Digital Signage: Seven common pitfalls to avoid

Provisions for commercial-grade display technology are needed from the start.
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3. Lacking a content strategy
As mentioned, it is essential to have a plan in mind for on-screen content, as well as the resources in place to create and manage it. With digital signage, after all, content can be scheduled in advance to change at regular intervals or based on external factors.

The right mix of content is what makes digital signage attention-catching and memorable. To truly engage passersby, marketing materials need to be combined with informative and entertaining content. This can be achieved by either dynamically displaying one message at a time or incorporating multiple messages in the same display area. Some portions of the screen may change, such as streaming video feeds, weather updates and event schedules, while others remain fixed, such as corporate logos or menus of services.

If a digital signage network will rely on TV feeds for news or sports, by way of example, each media player should be equipped with a video capture card for connecting to a set-top box with either coaxial cable or High-Definition Multimedia Interface (HDMI) input and located near a cable or satellite TV jack. Further, there should be a contingency plan for making real-time changes in case of cancelled or rescheduled broadcasts.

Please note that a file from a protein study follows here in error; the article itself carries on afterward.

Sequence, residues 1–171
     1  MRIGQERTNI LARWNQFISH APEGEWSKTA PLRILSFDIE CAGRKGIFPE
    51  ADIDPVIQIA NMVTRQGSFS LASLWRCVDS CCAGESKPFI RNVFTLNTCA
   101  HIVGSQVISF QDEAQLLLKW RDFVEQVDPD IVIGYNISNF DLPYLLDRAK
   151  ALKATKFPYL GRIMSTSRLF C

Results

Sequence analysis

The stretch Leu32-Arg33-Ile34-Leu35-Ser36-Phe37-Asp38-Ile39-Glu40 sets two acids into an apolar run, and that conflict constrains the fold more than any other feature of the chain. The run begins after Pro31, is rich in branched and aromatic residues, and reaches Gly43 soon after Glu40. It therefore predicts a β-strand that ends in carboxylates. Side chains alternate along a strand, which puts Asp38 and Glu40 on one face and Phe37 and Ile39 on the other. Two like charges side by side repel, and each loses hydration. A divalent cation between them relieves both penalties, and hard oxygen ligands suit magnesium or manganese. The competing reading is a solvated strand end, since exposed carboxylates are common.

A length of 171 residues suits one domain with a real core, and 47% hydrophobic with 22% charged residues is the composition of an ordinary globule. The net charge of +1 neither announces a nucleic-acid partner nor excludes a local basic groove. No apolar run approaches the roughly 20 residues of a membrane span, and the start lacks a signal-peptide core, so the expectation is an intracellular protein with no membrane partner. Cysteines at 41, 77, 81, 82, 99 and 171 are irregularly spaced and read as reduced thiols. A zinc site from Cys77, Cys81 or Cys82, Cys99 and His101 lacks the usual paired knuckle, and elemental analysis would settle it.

Digital signage can be as simple as a Microsoft PowerPoint presentation or as complex as a six-zone video wall with live feeds, real-time messaging and dynamic scheduling. The more elaborate the strategy, the greater the need for different people to perform different functions relating to the creation and management of content, whether they are corporate marketing, AV, web design, human resources (HR) or management information systems (MIS) professionals—and whether internal expertise is sufficient or outsourcing will be called for.

It is easy for clients to feel intimidated by all of the available options, but many of today’s media players are preloaded with a wide selection of user-friendly design templates and tools, making in-house content creation a viable and affordable option.

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The following are some questions to ask:

  • Will localized input be required from remote sites?
  • Will graphic design be handled by staff or by an outside firm?
  • Can product suppliers, vendors or partners help supply content?
  • Will existing content need to be reformatted for the displays?
  • Will multiple media files be streamed simultaneously and, if so, will this be supported by the network’s software, memory and processing power?
  • Will Hypertext Markup Language (HTML), Extensible Markup Language (XML) and RSS content be sent to the digital signage?
  • Does the content demand audio and, if so, will sound be permissible in all of the locations selected for the digital signage network?
  • Will content playback be logged for reporting purposes?
  • How frequently will the content be updated to keep it fresh and relevant?

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